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Tiny krill may have a huge impact on global CO2 cycles

Posted October 31, 2019

Krill are tiny little crustaceans, living in the world’s oceans. They are small and, as people think, only good for whale food. A new research, which involved scientists from Australia, UK, Germany, and the US, revealed that krill are much more important for Earth’s climate than you could believe.

Krill serve as food for many mammals and birds, but they are also very important for Earth’s CO2 cycles. Image credit: Øystein Paulsen via Wikimedia (CC BY-SA 3.0)

Krill are eaten not just by whales – penguins and many other birds and fishes enjoy them too. In this way they are very important, although the population of krill is vulnerable to human activities. People harvest krill to make livestock feed and human food. Krill oil and shrimp paste are probably the most well-known ways to consume krill. However, krill is also very important for the ocean’s carbon sink.

You know that trees and other green plants are consuming CO2 through photosynthesis. What you might not know is that oceans are also taking part in this process. Oceans are filled with phytoplankton, which are also able to photosynthesisz. Of course, krill do not participate in photosynthesis, but they do consume phytoplankton and excrete pallets that then sink to the seafloor. Scientists say that krill excrements constitute a majority of all the carbon that is sent to the bottom of the ocean.

This is how krill is participating in the global CO2 cycles and scientists would like people to pay attention to that. The issue is that even though fishing can access only about 0.5 % of all available krill, this can still have an impact on CO2 sink in the ocean. Especially since fishing can intensify in the near future. Also, the effects would not only be about CO2 sinking. Dr Emma Cavan, leader of the study, said: “a decline in krill would decrease the beneficial fertilization effect that their faecal matter has on phytoplankton biomass, at the same time also jeopardizing the important part krill play in circulating iron and other nutrients”.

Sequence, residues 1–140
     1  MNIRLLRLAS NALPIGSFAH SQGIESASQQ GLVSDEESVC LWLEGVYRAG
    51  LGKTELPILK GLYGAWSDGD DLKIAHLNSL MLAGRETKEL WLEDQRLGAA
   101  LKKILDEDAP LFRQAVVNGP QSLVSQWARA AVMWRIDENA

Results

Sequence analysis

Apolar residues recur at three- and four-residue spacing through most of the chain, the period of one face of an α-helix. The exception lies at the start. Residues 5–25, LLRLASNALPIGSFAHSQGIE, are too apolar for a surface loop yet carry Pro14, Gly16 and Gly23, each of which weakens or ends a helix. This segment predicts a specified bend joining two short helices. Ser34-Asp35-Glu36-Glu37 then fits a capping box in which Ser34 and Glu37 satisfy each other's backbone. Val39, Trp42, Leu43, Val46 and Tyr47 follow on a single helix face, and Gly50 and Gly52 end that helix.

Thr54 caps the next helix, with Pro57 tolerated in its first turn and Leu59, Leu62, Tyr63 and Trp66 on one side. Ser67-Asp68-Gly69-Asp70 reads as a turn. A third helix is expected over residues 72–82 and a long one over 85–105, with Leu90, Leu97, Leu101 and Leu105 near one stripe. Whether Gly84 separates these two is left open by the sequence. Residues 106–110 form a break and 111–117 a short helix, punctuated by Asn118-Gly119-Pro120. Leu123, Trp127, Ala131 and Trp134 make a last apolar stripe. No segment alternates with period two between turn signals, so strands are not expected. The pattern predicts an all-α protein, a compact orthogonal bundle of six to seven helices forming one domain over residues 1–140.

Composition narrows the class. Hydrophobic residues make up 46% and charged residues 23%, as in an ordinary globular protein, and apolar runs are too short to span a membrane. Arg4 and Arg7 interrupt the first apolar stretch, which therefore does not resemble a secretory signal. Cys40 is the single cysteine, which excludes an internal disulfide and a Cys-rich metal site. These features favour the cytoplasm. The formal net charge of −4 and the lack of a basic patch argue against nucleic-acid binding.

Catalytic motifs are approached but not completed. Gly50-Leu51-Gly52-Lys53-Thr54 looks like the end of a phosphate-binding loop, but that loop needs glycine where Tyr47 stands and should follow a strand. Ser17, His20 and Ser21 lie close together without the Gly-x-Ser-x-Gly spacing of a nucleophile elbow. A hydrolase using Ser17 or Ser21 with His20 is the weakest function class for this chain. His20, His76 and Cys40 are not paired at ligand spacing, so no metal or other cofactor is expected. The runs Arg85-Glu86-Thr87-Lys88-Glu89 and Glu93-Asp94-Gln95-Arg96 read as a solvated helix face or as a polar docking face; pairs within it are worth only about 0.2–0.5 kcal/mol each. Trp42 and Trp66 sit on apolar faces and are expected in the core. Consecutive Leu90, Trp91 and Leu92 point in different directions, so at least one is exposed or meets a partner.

Arctic krill grow up till 6 cm in length. They are small, but they are very significant. Since there is a global movement against fishing bigger fish, krill seems to be the source of food for the future, especially since it is already enjoyed in many parts of the world. However, before increasing the intensity of krill harvesting, people should consider what kind of an impact that could have on the bigger ecosystem and climate.

Scientists say that more research is needed to understand this issue better. And that is definitely coming. We also need to improve fishing methods to ensure that larval krill is safe from our fishing practices. At the end of the day, we need more accurate estimates of the significance of krill, its biomass and the impact of krill harvesting.


Source: University of Tasmania

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